Louis De Belle
Every week an artist is featured whose single image was published by Der Greif. The Feature shows the image in the original context of the series.
Joanne Leah - Acid Mass
Apr 19, 2017
I remember the first time I tried LSD. The person next to me looked as if she was partitioned into individual molecule clusters. I was close enough to read her thoughts. Sometimes, my own body would melt away, leaving only my mind.
By freeing ourselves from the constraints of physicality, we vividly bend and lurch into new structures. I continually experiment with engaging in methods of bodily detachment. The images themselves become proof of this vulnerable act, between skin and viscera, exhibitionist and voyeur, public and private. I am interested in relationships of contradiction and the beautiful monotony of inhabiting our bodies while simultaneously trying to escape them.
The blog of Der Greif is written entirely by the artists who have been invited to doing an Artist-Feature. Every week, we have a different author.
Apr 24, 2017 - Joanne Leah
I happened upon Sharon Lockhart’s work at The Broad museum in Los Angeles. As I gazed at the four framed prints hanging on the walls, I realized I was looking at more than photographs. Lockhart had captured Duane Hanson’s hyper-realistic sculptures at four different angles. Three of the figures remain unchanged, while the other two are real people, museum workers installing the artwork. After seeing these images, I was struck by the perception and appropriation of mysterious truth.
Lunch Break installation, “Duane Hanson: Sculptures of Life,” 14 December 2002
– 23 February 2003, Scottish National Gallery of Modern Art, 2003
Apr 22, 2017 - Joanne Leah
My friend here in Brooklyn, Jamie Pietras, recently unveiled his latest project, Night Language.
“Night Language is a collection of the stories we tell ourselves when we’re asleep. Some are fragments. Others are fully formed narratives. We’re excited to present this peek into our readers’ unconscious minds, alongside features on how dreams have shaped past and present art, music, and thinking.”
Anyone can submit dreams and the stories are paired with beautiful illustrations. This is my favorite:
“The Shrinking Baby”
This is a recurring dream.
In my dream, I’m often charged with taking care of someone else’s baby or child. It’s never my own child, always someone else’s that I’ve agreed to take responsibility for. Usually, this includes finding a way to feed the child. When the child is given to me, it is normal size, whether it’s a six-year-old or an infant. As the dream continues, I glance at the child every so often and notice that it is getting smaller. At first, it doesn’t worry me, but there comes a critical point when I realize what is happening. The child looks the same throughout, it just miniaturizes. It’s always quiet and doesn’t seem to notice that it’s changing. As the child gets much smaller, I realize there is some kind of clock running out and that if I don’t figure out how to stop the shrinking, the child will become so small that it will be impossible to feed or impossible to keep it from dying—it could drown in my coffee or become lost in my clothing so that I accidentally crush it. These are actual terrors I have in the dream.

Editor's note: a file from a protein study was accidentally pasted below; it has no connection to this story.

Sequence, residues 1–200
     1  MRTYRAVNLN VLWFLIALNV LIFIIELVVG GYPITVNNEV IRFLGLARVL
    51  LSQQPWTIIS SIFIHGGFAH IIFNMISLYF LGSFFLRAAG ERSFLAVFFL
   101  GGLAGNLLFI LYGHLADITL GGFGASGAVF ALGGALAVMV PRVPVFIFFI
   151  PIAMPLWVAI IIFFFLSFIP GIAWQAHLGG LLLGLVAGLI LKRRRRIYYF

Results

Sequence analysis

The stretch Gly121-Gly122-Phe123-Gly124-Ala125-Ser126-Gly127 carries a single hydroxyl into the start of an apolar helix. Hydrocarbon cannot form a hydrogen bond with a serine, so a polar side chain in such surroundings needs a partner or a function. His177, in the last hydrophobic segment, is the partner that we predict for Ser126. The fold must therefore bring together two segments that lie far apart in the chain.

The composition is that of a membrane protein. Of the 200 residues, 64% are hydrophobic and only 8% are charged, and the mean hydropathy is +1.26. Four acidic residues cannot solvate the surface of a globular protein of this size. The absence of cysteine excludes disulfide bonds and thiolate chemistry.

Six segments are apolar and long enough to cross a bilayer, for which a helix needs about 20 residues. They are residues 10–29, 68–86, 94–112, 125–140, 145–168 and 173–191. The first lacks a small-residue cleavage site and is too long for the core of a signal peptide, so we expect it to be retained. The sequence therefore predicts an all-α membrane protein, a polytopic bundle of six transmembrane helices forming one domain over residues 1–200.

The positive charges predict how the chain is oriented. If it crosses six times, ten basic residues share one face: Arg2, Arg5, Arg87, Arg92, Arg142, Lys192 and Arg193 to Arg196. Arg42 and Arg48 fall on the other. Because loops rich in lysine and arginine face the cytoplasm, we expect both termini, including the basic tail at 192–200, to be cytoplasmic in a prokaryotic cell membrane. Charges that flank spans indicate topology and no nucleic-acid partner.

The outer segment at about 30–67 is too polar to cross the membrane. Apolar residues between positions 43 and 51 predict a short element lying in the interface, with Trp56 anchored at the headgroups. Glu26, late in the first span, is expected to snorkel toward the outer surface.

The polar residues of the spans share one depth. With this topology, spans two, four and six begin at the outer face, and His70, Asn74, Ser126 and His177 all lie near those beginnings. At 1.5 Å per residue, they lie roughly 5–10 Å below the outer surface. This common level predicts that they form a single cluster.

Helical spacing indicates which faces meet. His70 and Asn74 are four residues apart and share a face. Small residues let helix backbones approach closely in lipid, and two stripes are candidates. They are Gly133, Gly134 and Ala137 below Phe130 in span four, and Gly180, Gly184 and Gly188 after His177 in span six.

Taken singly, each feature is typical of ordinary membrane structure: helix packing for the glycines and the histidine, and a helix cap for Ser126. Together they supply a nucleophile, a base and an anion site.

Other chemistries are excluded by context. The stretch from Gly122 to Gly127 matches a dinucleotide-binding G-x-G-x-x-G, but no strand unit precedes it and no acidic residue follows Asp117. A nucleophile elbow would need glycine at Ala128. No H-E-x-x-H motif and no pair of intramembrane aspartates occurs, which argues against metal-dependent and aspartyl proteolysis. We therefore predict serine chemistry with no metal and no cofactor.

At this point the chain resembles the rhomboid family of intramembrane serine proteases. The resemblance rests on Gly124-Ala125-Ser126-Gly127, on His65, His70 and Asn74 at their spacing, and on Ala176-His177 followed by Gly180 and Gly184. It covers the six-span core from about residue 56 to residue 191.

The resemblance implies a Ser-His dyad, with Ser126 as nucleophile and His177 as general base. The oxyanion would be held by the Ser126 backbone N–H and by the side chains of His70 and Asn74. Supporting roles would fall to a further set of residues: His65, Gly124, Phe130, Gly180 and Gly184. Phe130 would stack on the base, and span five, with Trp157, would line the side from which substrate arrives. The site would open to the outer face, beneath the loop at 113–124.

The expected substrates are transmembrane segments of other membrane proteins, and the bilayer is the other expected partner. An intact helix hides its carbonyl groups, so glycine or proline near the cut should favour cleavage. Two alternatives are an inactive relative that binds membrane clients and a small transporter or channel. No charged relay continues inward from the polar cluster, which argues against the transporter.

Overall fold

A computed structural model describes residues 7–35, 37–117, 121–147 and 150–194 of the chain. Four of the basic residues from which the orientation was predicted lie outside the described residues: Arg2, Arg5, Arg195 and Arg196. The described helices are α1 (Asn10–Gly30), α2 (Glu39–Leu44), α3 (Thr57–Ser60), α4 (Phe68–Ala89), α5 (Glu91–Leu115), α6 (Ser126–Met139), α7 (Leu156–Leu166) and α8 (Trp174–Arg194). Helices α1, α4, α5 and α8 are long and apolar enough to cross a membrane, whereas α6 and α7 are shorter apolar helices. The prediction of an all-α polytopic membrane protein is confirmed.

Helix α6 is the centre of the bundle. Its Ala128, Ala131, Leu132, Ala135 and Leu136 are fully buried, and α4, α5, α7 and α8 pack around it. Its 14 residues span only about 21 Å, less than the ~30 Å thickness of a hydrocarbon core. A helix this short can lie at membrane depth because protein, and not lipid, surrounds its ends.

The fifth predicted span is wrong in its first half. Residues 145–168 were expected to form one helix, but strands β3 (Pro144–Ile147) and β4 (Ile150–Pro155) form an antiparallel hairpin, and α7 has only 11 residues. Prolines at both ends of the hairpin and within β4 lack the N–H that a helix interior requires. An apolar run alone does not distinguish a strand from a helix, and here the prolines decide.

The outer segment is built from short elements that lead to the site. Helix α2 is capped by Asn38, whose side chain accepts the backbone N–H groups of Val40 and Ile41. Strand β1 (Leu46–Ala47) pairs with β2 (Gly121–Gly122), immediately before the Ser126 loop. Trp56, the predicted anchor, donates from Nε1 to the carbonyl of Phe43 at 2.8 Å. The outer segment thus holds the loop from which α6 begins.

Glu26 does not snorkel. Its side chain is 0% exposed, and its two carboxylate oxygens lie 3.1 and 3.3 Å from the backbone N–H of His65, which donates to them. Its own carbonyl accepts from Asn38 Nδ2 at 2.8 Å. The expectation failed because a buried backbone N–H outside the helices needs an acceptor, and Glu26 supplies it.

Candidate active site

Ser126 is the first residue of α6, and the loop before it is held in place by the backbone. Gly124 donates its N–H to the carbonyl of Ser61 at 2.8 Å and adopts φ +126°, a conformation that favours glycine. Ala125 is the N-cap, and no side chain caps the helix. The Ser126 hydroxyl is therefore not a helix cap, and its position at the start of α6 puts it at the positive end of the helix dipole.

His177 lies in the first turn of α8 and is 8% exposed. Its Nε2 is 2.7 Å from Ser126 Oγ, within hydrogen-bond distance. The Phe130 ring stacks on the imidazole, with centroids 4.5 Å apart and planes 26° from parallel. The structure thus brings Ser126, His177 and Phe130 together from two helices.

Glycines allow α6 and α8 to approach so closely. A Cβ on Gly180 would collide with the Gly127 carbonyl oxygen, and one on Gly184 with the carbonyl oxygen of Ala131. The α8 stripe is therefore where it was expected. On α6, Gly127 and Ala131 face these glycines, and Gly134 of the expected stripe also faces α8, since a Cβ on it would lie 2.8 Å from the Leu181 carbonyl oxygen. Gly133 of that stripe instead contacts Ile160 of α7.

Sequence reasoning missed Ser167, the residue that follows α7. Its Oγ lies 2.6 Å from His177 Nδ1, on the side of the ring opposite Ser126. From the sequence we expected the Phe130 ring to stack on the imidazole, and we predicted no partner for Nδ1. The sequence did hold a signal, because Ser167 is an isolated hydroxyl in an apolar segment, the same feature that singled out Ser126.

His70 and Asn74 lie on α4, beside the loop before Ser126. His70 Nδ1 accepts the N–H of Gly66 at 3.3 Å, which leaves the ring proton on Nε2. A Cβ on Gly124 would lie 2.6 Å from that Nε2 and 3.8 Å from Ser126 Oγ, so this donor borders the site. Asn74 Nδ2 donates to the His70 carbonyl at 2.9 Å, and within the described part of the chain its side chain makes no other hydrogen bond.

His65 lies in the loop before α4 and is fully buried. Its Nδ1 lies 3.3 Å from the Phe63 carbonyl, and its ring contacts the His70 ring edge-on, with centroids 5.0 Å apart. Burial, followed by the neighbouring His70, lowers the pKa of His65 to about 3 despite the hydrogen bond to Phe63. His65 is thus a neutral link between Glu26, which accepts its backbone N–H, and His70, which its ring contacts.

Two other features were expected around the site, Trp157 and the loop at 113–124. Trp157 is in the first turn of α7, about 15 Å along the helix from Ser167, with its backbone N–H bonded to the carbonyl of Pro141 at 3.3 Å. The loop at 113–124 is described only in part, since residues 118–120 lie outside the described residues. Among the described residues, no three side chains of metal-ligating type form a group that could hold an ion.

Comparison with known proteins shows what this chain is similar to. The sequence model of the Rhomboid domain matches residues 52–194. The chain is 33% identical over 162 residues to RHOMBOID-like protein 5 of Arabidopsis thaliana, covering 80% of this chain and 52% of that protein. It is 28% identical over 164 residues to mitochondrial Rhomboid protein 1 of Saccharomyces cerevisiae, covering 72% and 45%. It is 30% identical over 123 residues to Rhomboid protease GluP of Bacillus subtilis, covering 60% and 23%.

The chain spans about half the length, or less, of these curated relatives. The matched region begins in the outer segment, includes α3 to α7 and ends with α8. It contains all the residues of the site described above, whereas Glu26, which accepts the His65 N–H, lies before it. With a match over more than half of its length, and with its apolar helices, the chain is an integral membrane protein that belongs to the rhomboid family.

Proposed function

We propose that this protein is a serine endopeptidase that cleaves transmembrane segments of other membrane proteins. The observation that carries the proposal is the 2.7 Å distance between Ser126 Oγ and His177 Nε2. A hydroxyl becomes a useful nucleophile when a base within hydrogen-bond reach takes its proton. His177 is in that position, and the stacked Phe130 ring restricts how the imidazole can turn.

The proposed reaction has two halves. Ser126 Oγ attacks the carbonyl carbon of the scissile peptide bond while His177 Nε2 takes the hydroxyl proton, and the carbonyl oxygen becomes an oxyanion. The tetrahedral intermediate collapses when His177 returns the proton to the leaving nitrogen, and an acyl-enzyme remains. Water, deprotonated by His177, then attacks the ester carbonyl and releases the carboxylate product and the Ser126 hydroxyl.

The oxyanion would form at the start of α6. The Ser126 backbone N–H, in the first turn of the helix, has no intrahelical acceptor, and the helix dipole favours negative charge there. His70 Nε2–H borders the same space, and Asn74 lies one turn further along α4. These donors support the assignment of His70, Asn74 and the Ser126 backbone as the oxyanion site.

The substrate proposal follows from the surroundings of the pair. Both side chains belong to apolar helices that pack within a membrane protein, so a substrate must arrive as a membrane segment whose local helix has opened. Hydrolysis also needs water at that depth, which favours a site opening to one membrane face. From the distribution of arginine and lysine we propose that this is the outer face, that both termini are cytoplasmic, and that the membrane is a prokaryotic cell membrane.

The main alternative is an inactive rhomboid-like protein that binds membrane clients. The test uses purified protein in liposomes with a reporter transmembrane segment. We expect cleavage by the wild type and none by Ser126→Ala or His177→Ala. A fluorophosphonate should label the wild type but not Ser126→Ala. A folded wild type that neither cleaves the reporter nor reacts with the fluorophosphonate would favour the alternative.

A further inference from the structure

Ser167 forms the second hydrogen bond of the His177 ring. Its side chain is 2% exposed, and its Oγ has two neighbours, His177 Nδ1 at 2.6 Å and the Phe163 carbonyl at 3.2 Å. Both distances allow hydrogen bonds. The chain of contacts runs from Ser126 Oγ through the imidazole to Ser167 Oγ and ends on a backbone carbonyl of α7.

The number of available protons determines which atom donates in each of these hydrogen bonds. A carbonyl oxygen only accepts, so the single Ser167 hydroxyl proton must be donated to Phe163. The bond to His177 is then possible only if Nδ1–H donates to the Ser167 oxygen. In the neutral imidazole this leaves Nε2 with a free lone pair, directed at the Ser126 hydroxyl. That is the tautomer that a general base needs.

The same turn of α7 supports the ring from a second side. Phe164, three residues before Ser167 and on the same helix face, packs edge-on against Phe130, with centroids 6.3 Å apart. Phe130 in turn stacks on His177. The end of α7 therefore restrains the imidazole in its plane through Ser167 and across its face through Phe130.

I never save the child. But I always wake up before it completely disappears or I kill it. Usually, the last part of my dream is seeing the tiny baby or tiny child, often cradled in my hands and feeling filled with fear, sadness, and a feeling of failure.
There is also usually a landscape that I have to contend with. One of the first times I had the dream, the landscape was an enormous grocery store where I was trying to find formula to feed the infant. It was as if Hayao Miyazaki has designed a Whole Foods, with enormous staircases that I kept running up and down as time ran out. In that one, I finally found the formula and ran out of the store into a beautiful sunny day in what looked like California, but by the time I did, the baby was too small to eat. One of the other times, I was navigating the streets of Brooklyn by bus and on foot, trying to get to the grocery store with the child. The streets were exaggeratedly narrow, like streets in Rome, and I kept winding back to the same intersection even though I kept going forward.
Kate, 37, Brooklyn | Image from NYPL Digital Collections
Apr 21, 2017 - Joanne Leah
We are artists, curators, muses, writers and other creatives who use social media platforms, Instagram and/or Facebook, to connect with others, share work and promote our creative endeavors. Our belief is that artistic practice examines the world around us, confronting society without commercial motivation. We constantly reevaluate our cultural framework, providing a fundamental perspective on existing value
systems. Sharing work in a traditional gallery setting has become increasingly difficult, and simultaneously we are being pushed out of our cities due to rising costs of living. Many of us turn to virtual platforms for open and unbiased feedback.
Many of us are finding our images and accounts censored without explanation while following the Community Guidelines currently in place. We believe there is a pattern of unjustifiable censorship that includes inconsistencies, double standards and lack of reason. Art only has a future if people are wholeheartedly engaging with it. Allowing unnecessary censorship contributes to the mediocrity of experience, instead of encouraging the originality of ideas and the unique exploration of self identity.
This is a small collection of my own work that has been censored by social media.